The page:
Tuesday, April 20, 2021

Quality or Quantity - Dilemma of Treatment


I remember being nervous about leaving my children behind without a mom when I was diagnosed with cancer. I clearly recollect telling the doctor very clearly, “I don’t mind what quality of life I will have, I want quantity. I want to be there at least until they are teenagers. I am willing to undergo total radical mastectomy, chemotherapy and radiation or whatever it takes to get me a few more years to ensure my children are taken care of”. He was giving me the option of breast conservation considering my age, but I had no qualms losing a breast to get rid of cancer. Back then I was very sure and did not face a dilemma in making my call for the treatment I felt was my best option.

It was much later when I went for my follow-up that I had a conversation with another highly experienced oncologist who told me that he focused more on quality of the life the patient gets after cancer treatment more than on quantity in years. He told me that he would have advised me not to go ahead with total radical mastectomy if I had consulted him at the age of 29, because I did not have to compromise on my body structure at that age. I assured him that my doctor had informed me about the choices I had and what difference it made, but I had chosen total radical mastectomy of my own will. I was not misled.

He later showed me some examples of breast conservation surgeries after which with little help from reconstruction, the body looked almost like before the surgery. The scar was almost invisible. So , it was almost after 16 years of my surgery that I was set to think, should I have considered the quality as well and not blindly cried for quantity? It was not easy for a woman with size 36 C to live with one breast.

Back then in my panic to be with my children, I hadn’t thought much about anything else but to get rid of cancer and live for a few more years. But then I had got 25 years to live now and that I have done with a huge scar and leftover flesh hanging loosely on my chest. It is not a beautiful sight. I am not ashamed of it, because it is something that saved my life, but then I am also embarrassed of it to some extent. Keeping the aesthetic part of it aside, I had to face a lot of pain due to it. Even a mosquito bite to the spot causes a lot of trouble because I cannot scratch the itch without hurting or feeling weird. I have developed terrible wounds or rashes when I have overworked a bit with my left hand. 

My spine has been hurt as well due to my lopsided posture which I carried on for 10 years before discovering the prosthetics with weight which helped. It looked like all the problems were a quagmire of my own making and I went through pangs of guilt. Now that I was considering the pros and cons, my decision looked a bit quixotic to me. I began to question my wisdom in making hasty choices. But then I am not sure, how much my choosing quality over quantity would have helped? Maybe it would have brought in different challenges to deal with, but now I will never know.

In a few months, I brushed aside my doubts because I had lived to achieve a lot of my goals which I had set for myself while I fought cancer. My children are both grown up and my son is happily married now. I am grateful to life, the scar and whatever quality of life I got for myself.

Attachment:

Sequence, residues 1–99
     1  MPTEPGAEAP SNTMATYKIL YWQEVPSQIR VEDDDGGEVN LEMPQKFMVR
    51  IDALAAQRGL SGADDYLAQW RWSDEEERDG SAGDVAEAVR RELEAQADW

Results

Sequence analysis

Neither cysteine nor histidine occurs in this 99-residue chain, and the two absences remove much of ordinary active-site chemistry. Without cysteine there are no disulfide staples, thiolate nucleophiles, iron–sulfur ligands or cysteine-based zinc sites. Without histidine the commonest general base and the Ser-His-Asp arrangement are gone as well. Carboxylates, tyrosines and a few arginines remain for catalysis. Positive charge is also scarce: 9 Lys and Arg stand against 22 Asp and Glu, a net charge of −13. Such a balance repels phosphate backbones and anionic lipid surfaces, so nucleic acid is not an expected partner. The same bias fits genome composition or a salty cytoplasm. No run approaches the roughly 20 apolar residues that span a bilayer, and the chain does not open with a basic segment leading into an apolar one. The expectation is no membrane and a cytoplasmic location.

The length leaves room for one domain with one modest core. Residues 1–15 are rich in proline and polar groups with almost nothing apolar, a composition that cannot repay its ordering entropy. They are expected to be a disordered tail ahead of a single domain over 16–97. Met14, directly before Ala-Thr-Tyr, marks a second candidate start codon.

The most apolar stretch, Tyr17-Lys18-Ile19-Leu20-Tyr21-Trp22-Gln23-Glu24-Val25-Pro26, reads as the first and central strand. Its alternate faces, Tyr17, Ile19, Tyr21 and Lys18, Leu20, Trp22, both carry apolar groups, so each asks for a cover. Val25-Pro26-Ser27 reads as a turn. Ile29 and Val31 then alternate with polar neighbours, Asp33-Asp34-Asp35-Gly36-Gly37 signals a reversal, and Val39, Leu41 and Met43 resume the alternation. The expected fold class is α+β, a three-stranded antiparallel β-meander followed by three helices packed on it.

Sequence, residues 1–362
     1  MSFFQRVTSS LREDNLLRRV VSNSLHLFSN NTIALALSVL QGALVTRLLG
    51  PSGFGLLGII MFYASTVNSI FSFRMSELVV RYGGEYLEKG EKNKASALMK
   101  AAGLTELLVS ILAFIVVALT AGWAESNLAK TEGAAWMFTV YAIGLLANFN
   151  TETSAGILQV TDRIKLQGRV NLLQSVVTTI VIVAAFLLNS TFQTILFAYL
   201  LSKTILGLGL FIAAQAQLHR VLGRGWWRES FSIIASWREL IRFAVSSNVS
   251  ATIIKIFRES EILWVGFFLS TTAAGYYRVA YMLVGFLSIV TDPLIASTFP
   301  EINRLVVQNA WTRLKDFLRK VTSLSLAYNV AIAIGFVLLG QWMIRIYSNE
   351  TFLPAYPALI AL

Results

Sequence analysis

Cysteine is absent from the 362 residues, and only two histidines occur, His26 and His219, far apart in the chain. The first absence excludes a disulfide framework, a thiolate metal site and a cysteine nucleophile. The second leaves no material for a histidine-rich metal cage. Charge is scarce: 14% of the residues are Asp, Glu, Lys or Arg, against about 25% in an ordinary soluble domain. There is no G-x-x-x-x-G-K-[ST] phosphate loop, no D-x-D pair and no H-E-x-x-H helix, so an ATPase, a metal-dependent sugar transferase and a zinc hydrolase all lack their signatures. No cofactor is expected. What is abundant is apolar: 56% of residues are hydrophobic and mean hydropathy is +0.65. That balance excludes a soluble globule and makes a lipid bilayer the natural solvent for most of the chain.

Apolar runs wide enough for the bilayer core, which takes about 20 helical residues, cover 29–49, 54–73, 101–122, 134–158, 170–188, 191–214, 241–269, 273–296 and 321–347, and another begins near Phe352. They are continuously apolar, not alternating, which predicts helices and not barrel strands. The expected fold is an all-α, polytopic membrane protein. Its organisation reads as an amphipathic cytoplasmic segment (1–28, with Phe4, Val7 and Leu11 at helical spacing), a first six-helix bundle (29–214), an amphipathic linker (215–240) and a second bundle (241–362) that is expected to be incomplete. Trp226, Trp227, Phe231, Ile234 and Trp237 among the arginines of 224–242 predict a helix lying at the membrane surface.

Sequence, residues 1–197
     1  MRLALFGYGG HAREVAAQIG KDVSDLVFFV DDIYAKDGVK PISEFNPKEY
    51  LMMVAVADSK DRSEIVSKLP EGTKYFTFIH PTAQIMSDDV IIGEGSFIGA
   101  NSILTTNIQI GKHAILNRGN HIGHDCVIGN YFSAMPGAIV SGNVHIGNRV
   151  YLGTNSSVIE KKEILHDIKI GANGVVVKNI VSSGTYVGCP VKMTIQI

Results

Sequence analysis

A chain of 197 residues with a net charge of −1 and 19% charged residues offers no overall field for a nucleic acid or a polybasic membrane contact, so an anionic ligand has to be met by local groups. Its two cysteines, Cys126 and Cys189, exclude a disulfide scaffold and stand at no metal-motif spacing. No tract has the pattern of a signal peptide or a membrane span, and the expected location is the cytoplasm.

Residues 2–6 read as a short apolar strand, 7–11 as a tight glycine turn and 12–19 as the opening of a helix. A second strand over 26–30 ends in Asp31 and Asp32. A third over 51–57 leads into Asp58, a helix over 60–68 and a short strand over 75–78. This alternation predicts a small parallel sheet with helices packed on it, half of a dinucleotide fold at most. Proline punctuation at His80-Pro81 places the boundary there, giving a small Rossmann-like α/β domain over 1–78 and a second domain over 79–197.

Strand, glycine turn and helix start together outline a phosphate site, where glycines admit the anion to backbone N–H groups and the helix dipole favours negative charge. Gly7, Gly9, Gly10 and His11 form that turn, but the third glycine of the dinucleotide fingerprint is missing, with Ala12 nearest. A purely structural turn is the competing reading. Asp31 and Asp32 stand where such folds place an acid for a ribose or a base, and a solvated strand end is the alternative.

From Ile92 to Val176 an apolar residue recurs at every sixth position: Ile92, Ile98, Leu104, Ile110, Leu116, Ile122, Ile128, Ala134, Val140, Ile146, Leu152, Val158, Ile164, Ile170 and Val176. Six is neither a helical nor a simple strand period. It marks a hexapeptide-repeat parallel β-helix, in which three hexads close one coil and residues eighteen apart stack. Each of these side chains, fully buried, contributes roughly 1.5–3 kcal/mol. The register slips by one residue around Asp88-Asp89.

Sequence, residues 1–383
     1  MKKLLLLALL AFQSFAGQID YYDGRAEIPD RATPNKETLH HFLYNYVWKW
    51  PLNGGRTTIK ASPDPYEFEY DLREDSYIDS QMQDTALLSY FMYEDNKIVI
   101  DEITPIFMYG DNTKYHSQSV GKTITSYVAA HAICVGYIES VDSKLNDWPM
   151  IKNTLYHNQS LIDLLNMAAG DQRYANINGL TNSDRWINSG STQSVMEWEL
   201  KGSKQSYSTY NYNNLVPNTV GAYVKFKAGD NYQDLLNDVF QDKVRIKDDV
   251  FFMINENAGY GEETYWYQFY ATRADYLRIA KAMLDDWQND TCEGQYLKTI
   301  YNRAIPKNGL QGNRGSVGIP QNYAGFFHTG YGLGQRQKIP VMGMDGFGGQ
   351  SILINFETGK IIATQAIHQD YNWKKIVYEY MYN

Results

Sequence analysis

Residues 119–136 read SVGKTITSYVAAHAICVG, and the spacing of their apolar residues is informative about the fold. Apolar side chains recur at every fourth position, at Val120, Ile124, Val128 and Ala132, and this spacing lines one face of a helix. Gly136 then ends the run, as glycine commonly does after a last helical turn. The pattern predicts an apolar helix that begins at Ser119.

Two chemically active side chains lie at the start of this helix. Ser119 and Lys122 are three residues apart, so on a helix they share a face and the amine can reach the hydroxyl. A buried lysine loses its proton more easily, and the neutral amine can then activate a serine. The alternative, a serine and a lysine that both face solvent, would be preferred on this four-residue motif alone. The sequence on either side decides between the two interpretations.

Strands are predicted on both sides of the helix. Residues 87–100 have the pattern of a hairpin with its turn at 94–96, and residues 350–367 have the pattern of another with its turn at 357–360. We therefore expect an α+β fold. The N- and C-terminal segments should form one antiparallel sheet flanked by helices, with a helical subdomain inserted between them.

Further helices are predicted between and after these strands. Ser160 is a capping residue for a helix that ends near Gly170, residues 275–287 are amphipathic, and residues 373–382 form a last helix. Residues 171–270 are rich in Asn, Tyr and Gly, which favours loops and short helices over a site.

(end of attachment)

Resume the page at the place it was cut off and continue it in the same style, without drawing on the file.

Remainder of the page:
Keeping my queer case aside, I would suggest anyone making the treatment choices to consider all the pros and cons and not jump into action pushed by fear. No matter how old you are, you deserve a good quality of life despite fighting cancer. If you can have the best of both quality and quantity, why should you choose just one. Go for both. In the long run, quality matters. Another important point to remember is, never question your choices which cannot be undone. It will only bring in bitterness. Instead, look what you can do now to correct the mistake, if you made a wrong choice earlier
I wish everyone fighting a battle a happy good quality long long life…..


  1. I agree, it's not wise to regret a decision taken for good reasons long ago, moving forward is also accepting and adapting. You are very brave.

  2. I agree, regretting what can't be undone is only adding to the pain. I think you made the right choice back then. You wanted enough years to see your kids through. You ended up getting way longer than you even "bargained" for, and you can't know what would have happened if you had taken a different approach. You might not be here to tell us all about it.

    My friends who is going through radiation, following chemo and a double radical mastectomy, told herself "better be safe than sorry".

  3. Hi Farida,
    Thank you for visiting my blog.

    I didn't know what the post would be about till I read it. You're doing a great service by sharing your story and your questions about your treatment choices.

    All I can say is that the decision you made 25 years ago was the best you could've made at the time given the information you had and your children's age.

    With advancement in medicine and the improved treatment protocols, especially in oncology, there are more choices now than ever before. Your posts will help those who may be struggling with their decisions.

  4. I like what you said, "I would suggest anyone making the treatment choices to consider all the pros and cons and not jump into action pushed by fear." ... I have such a difficult time making decisions when fear and/or anxiety are pushing it. I can't think straight during those times.

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